I always have the best intention of running early in the morning when it’s nice and cool and the city is still asleep. In reality, though, I often find myself groping wildly to silence my alarm at whatever perverse hour I optimistically set it for the night before, so I can blissfuly return to my slumber. The downside of this pattern of delusion is that I end up doing a lot of my runs after work, which when you factor in my commute home means I’m not eating dinner until after 9 PM some nights, or I’m rushing to get a workout in before social engagements. My solution to the time crunch—run commuting. I’ve gotta get home anyway, so why not kill two birds with one stone and save myself some time in the process, right?
Depending on where I’m working my route home ranges from 5-10 miles. Most days I just throw some cash, my keys, and cellphone in a spi-belt and slog over the Manhattan Bridge, making a game out of identifying the competing odors emanating from Chinatown (a real treat in the summer!). There are occasions when I need to schlep more than the bare essentials and my hydration pack just isn’t up to the task, so I decided to find a proper backpack.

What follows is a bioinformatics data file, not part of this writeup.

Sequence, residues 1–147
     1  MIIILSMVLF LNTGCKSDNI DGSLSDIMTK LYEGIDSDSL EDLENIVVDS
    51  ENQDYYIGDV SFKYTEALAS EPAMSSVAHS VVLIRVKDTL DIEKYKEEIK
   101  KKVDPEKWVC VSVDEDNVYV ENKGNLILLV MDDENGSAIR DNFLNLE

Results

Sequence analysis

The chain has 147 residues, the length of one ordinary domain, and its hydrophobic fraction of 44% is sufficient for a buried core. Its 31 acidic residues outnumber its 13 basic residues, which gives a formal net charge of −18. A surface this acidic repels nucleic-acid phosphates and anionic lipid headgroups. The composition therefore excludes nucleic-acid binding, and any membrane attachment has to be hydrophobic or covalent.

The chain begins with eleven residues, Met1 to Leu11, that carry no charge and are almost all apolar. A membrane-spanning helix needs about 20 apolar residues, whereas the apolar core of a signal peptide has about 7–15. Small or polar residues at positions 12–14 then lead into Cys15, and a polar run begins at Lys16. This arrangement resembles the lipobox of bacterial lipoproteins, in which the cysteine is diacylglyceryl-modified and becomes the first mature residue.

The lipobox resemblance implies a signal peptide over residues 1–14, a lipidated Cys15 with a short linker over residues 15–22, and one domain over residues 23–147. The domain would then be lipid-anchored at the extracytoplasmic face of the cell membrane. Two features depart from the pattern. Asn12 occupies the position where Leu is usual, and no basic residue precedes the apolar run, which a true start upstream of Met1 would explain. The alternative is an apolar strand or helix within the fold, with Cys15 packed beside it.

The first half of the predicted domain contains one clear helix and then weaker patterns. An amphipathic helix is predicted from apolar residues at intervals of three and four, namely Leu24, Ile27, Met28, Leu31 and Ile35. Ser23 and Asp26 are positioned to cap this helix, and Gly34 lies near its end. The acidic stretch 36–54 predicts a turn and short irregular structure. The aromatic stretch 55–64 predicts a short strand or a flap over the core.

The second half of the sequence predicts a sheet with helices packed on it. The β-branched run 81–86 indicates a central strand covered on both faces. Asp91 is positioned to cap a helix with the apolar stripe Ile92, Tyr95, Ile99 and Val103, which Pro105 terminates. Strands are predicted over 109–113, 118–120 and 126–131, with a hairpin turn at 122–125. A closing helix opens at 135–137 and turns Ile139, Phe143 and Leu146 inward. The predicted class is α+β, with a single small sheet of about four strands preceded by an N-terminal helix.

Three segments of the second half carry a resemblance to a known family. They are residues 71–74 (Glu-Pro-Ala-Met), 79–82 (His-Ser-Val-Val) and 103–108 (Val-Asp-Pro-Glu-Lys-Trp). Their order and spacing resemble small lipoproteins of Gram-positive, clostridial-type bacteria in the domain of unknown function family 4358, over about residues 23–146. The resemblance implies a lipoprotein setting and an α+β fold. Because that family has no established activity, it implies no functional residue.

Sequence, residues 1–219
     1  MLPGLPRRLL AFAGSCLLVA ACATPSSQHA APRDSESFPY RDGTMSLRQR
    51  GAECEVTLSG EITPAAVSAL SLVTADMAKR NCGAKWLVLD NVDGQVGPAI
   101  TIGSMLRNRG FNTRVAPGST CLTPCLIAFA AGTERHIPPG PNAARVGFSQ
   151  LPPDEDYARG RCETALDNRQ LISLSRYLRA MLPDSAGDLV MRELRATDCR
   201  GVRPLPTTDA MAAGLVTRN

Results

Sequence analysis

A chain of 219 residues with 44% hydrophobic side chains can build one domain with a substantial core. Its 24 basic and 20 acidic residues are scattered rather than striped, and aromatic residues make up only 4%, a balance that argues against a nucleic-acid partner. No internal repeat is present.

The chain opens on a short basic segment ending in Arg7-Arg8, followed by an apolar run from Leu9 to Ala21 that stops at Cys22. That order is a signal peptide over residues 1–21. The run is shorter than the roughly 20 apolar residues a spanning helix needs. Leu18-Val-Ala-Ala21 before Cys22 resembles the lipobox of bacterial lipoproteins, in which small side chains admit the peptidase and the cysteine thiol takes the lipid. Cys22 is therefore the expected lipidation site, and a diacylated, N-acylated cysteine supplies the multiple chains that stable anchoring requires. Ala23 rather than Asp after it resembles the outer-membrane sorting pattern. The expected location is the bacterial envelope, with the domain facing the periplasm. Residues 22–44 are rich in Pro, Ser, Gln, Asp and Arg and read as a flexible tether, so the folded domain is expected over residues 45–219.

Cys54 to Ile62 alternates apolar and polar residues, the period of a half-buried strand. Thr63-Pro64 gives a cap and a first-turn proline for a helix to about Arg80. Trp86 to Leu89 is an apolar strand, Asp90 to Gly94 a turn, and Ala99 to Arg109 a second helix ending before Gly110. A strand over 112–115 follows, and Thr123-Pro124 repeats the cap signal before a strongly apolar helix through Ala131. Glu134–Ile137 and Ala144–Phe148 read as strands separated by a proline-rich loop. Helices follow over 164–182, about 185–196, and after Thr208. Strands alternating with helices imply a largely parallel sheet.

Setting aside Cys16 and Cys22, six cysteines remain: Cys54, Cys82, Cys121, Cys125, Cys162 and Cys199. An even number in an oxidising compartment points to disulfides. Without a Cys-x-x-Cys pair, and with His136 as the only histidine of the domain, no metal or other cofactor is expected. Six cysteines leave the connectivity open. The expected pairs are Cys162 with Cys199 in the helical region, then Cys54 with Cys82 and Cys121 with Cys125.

My future pack would have to be very comfortable with an easily adjustable fit; not make my back sweat like a banshee; carry all my gear snugly; have a versatile array of pockets; hold extra water bottles in addition to a hydration bladder; be very well made and durable; and not be pig ugly. Size-wise, this meant I needed a pack with a capacity of 16-20 liters that had both waist and sternum straps. Copious amounts of internet research yielded the following list of suspects:
I loaded each bag up with a dummy load and then took a quick jog around the hood to see how they fared. Here are my impressions: